by John Calvin (compiled by John H. Kromminga)
And all that believed were together, and had all things common; —Acts 2:44
But this place needs sound exposition, because of fanatical spirits who feign a commonalty or participation of goods, whereby all policy or civil government is taken away; as in this age the Anabaptists have raged, because they thought there was no Church unless all men's goods were put and gathered together, as it were, in one heap, that they might all one with another take thereof.
Wherefore we must in this point beware of two extremes. For many, under color of policy, do keep close and conceal whatsoever they have; they defraud the poor, and they think that they are twice righteous, if only they take away no one else's goods. Others are carried into the contrary error, because they would have all things confused.
But Luke surely notes another order when he says that there was choice made in the distribution. If any man object that no man had anything which was his own, seeing all things were common, we may easily answer. For this community or participation together must be restrained unto the circumstance which immediately follows; namely, that the poor might be relieved as every man had need. —Commentaries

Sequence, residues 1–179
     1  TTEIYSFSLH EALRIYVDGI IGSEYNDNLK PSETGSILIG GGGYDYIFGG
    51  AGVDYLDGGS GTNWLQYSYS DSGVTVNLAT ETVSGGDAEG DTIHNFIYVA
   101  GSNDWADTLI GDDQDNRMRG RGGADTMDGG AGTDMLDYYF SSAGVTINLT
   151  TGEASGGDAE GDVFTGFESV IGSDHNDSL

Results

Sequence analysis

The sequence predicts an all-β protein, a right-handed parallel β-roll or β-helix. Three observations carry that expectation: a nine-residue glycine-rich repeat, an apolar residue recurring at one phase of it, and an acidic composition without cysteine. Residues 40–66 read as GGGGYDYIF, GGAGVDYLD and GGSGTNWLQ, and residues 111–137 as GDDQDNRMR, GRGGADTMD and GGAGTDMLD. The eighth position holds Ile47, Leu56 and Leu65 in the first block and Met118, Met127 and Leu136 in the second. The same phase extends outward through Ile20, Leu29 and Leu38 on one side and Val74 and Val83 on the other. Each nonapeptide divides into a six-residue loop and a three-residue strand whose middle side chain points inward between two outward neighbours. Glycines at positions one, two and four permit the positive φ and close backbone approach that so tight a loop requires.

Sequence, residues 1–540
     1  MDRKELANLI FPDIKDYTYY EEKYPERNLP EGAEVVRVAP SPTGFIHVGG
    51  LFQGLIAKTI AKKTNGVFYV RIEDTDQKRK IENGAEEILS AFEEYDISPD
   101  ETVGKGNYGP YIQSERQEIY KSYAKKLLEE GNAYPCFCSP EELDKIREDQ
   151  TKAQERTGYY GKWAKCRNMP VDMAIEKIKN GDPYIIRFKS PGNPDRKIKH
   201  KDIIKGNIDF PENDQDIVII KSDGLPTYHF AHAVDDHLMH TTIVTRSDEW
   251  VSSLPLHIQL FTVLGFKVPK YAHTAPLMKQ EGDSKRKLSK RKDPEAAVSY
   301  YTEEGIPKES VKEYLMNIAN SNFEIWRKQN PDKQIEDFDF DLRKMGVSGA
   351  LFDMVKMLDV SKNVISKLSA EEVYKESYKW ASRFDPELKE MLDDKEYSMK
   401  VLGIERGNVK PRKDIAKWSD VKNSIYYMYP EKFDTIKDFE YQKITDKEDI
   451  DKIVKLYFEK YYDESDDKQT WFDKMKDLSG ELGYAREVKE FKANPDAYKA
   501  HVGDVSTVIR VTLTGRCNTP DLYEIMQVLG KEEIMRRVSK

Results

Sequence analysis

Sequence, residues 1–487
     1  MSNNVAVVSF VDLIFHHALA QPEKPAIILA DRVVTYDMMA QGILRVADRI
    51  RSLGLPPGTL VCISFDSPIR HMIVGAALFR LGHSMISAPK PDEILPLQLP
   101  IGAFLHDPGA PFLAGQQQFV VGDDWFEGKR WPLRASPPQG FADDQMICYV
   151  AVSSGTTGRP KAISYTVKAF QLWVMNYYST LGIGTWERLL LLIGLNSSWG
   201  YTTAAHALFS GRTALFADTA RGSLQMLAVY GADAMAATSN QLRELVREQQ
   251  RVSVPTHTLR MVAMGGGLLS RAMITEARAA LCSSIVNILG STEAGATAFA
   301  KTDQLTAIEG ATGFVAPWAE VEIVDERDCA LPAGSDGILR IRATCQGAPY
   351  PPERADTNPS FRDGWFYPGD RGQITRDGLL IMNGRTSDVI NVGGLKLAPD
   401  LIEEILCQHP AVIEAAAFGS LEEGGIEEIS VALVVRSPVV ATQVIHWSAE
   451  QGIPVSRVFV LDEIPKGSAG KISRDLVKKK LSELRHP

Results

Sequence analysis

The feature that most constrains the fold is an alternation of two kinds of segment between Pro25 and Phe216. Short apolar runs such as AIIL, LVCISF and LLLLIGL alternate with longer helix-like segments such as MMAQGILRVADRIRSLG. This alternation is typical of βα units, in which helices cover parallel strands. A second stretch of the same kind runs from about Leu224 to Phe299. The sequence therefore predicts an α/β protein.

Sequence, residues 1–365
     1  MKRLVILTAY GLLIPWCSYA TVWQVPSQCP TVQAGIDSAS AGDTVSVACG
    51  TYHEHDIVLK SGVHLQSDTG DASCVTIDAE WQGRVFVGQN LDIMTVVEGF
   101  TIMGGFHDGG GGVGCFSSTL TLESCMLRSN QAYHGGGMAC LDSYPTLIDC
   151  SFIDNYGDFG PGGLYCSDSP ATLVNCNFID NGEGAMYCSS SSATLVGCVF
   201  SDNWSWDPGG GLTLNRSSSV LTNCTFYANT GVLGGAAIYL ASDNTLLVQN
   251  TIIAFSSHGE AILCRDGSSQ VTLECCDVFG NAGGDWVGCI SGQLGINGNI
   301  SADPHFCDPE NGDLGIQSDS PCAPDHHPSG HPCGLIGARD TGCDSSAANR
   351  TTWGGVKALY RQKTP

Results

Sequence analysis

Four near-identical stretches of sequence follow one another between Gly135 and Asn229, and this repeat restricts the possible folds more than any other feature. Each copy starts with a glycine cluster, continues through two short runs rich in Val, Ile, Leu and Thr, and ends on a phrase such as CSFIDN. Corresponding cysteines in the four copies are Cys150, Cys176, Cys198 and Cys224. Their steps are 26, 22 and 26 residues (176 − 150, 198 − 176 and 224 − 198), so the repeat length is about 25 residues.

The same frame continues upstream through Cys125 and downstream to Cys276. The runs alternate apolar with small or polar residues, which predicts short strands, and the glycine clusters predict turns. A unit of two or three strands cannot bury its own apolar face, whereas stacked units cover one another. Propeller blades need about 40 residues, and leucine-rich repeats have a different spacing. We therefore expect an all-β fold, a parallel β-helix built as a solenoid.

John Calvin was the premier theologian of the Reformation, but also a pious and godly Christian pastor who endeavored throughout his life to point men and women to Christ. We are grateful to Reformation Heritage Books for permission to use John Calvin's Thine Is My Heart as our daily devotional for 2013 on the OPC Web site. You can currently obtain a printed copy of that book from Reformation Heritage Books.
Dr. Joel Beeke, who is editorial director of Reformation Heritage Books, has this to say:
"Calvin shows us the piety of a Reformed theologian who speaks from the heart. Having tasted the goodness and grace of God in Jesus Christ, he pursued piety by seeking to know and do God’s will every day. He communed with Christ, practicing repentance, self-denial, and cross-bearing. Moreover, his theology worked itself out in heart-felt, Christ-honoring piety. The selections of this devotional bear this out, and hopefully will be used by God to direct pious hearts in our own day."
These devotional readings from John Calvin were compiled by John H. Kromminga. Be sure to read his "Introduction" to John Calvin's Thine Is My Heart.